I got all my nutrition stuff figured out a day or two before and packed up a cooler full of goodies to stash at the race for me to hit in between laps. This brings me to the first thing that wasnt all that awesome. Pats Peak charged $15 for a 'tech tent area' in the start/finish and technically you weren't allowed to put anything in that area without paying. That was probably my only gripe with the organization of the event. Everything else was very well put together. I think a lot of the 6hr crowd was pretty pissed about the setup because really all most 6hr riders had was a cooler at most...not a tent / stand like a lot of the 12/24 racers.

bike race...not an eating contest

I was pretty pleased with how I handled my nutrition, especially not having any kind of frame of reference as to how my body was going to react to a longer effort. Never really cramped or had any bonks of any kind so that was one of the things that went well. I ended up bringing WAY too much food and fluid but I guess thats the way to do it. Certain foods worked and some I had trouble eating consistently. Things taste / go down different when you are in the pain cave.

The venue itself was pretty cool, defenitely had the festival feel.

start/finish tent with obligatory Red Bull inflata-banner

They set up a nice S turny thing down the slope to the finish. got pretty greasy by the end, very fun.

interesting crowd, the DHers were on hand as well preriding the course for tomorrow

The race started with a leMans start, which is pretty typical for an event like this. Basically bikes go across a field, and everyone runs to get their bike then mounts and takes off. Started off fine got in line about mid pack and got to the days business. Traffic was kind of annoying on the first lap, but there isnt much avoiding that. Much easier to just mass start in a timed event like this. About 15mins into the first lap things got 'hilarious'. I feel a sting/bite on my upper arm and look down to see a bee stuck in my flesh. AWESOME. I flick it off and keep on keepin on. Then on lap 2 at almost the same spot STUNG AGAIN. This time on my leg. What am I Dustin?? Completely ridiculous. Luckily I'm not allergic but I'm sure that didn't help my race physiology much.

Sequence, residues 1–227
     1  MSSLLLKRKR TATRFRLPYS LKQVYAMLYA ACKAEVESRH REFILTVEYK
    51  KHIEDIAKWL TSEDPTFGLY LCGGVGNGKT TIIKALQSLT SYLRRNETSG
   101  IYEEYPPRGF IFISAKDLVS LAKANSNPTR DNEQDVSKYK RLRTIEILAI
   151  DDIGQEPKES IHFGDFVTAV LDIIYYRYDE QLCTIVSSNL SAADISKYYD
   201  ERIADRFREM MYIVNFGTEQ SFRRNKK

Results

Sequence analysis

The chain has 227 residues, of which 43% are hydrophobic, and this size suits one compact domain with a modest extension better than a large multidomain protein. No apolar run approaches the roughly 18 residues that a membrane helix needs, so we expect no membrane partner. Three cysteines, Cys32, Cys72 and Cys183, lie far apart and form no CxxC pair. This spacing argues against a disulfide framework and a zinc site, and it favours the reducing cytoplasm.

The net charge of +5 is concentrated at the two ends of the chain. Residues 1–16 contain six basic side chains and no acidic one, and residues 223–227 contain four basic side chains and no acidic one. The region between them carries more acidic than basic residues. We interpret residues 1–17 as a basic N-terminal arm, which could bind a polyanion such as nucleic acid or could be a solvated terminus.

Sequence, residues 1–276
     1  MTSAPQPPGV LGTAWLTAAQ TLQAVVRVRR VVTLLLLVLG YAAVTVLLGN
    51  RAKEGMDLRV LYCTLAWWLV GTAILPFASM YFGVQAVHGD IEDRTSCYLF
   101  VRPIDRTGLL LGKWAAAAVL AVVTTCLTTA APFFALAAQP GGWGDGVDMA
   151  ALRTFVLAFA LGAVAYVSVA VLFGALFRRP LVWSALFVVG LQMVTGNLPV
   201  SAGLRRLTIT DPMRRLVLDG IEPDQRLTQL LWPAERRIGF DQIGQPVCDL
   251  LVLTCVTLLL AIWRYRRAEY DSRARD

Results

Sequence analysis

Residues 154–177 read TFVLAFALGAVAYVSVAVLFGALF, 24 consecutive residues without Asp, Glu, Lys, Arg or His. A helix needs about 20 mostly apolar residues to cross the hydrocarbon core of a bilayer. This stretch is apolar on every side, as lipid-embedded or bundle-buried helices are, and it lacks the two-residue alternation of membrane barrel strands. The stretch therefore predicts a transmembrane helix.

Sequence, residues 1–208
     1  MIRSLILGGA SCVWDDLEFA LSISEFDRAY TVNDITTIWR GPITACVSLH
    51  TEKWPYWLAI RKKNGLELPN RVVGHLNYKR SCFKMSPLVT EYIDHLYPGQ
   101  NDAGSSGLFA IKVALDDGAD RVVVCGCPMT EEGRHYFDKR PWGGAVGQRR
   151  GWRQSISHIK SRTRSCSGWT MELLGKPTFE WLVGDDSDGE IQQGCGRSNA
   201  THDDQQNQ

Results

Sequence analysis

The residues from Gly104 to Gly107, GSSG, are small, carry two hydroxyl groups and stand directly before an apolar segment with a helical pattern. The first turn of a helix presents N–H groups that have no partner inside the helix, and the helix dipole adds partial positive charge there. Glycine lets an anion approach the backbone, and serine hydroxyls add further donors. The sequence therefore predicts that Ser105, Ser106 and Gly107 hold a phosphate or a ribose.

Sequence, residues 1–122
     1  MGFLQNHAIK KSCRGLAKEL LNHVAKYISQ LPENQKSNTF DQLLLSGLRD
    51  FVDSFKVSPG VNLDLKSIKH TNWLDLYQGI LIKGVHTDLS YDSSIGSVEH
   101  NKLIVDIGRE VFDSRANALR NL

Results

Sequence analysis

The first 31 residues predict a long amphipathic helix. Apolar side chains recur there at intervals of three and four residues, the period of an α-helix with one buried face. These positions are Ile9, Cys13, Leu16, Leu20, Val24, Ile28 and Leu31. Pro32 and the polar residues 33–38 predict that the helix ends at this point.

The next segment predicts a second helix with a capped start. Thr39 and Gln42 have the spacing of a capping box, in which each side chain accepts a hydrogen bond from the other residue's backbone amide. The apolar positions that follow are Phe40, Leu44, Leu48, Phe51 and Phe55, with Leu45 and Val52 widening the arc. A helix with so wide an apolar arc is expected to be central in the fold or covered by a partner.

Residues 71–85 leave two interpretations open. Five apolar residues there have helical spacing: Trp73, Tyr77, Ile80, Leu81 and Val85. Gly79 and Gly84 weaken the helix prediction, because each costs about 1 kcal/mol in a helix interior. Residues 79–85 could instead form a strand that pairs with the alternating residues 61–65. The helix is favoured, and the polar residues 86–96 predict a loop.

Then we got to the climbs...oh the climbs. Ouch. I think I can speak for anyone without a granny ring up front at this race that those things sucked. First one was worse...way too steep even for my 9 speed, second lap I was already walking it, couldnt really get any decent power going in the heat. Did I mention these climbs were on exposed ski slopes in direct sunlight? Yeah, I'm not used to heat yet cause its been raining since May. Second one was more gradual and I could get a rhythm going. A ski resort is a tough place to do any kind of endurance racing without a full gear set. Anyone who pulls it off is badass in my book (myself included...kinda).